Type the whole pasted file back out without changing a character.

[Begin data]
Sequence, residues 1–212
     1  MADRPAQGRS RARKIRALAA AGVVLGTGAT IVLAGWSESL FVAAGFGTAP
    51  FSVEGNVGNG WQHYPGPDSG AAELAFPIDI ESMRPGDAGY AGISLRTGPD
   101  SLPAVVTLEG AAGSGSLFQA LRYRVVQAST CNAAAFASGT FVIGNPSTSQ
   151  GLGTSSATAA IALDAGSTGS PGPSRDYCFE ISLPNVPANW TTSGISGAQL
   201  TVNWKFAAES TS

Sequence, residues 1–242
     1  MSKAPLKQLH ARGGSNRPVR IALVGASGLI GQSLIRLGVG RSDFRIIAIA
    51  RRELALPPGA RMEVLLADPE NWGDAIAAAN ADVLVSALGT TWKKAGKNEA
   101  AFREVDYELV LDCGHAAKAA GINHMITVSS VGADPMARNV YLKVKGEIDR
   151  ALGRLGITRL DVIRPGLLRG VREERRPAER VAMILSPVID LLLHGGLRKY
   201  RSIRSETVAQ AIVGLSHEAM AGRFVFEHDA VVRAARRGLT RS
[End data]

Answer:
Sequence, residues 1–212
     1  MADRPAQGRS RARKIRALAA AGVVLGTGAT IVLAGWSESL FVAAGFGTAP
    51  FSVEGNVGNG WQHYPGPDSG AAELAFPIDI ESMRPGDAGY AGISLRTGPD
   101  SLPAVVTLEG AAGSGSLFQA LRYRVVQAST CNAAAFASGT FVIGNPSTSQ
   151  GLGTSSATAA IALDAGSTGS PGPSRDYCFE ISLPNVPANW TTSGISGAQL
   201  TVNWKFAAES TS

Sequence, residues 1–242
     1  MSKAPLKQLH ARGGSNRPVR IALVGASGLI GQSLIRLGVG RSDFRIIAIA
    51  RRELALPPGA RMEVLLADPE NWGDAIAAAN ADVLVSALGT TWKKAGKNEA
   101  AFREVDYELV LDCGHAAKAA GINHMITVSS VGADPMARNV YLKVKGEIDR
   151  ALGRLGITRL DVIRPGLLRG VREERRPAER VAMILSPVID LLLHGGLRKY
   201  RSIRSETVAQ AIVGLSHEAM AGRFVFEHDA VVRAARRGLT RS